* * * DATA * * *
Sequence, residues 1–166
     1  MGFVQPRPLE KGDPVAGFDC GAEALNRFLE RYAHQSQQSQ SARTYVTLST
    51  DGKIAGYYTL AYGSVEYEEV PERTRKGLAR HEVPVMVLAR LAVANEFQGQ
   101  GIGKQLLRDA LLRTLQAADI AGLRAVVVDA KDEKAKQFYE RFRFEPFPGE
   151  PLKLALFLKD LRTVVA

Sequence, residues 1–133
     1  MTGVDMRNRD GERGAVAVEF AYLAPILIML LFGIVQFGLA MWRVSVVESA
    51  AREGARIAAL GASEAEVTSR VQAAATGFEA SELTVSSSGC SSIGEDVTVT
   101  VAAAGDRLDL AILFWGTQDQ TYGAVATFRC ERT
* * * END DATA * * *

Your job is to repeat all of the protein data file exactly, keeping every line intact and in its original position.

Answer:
Sequence, residues 1–166
     1  MGFVQPRPLE KGDPVAGFDC GAEALNRFLE RYAHQSQQSQ SARTYVTLST
    51  DGKIAGYYTL AYGSVEYEEV PERTRKGLAR HEVPVMVLAR LAVANEFQGQ
   101  GIGKQLLRDA LLRTLQAADI AGLRAVVVDA KDEKAKQFYE RFRFEPFPGE
   151  PLKLALFLKD LRTVVA

Sequence, residues 1–133
     1  MTGVDMRNRD GERGAVAVEF AYLAPILIML LFGIVQFGLA MWRVSVVESA
    51  AREGARIAAL GASEAEVTSR VQAAATGFEA SELTVSSSGC SSIGEDVTVT
   101  VAAAGDRLDL AILFWGTQDQ TYGAVATFRC ERT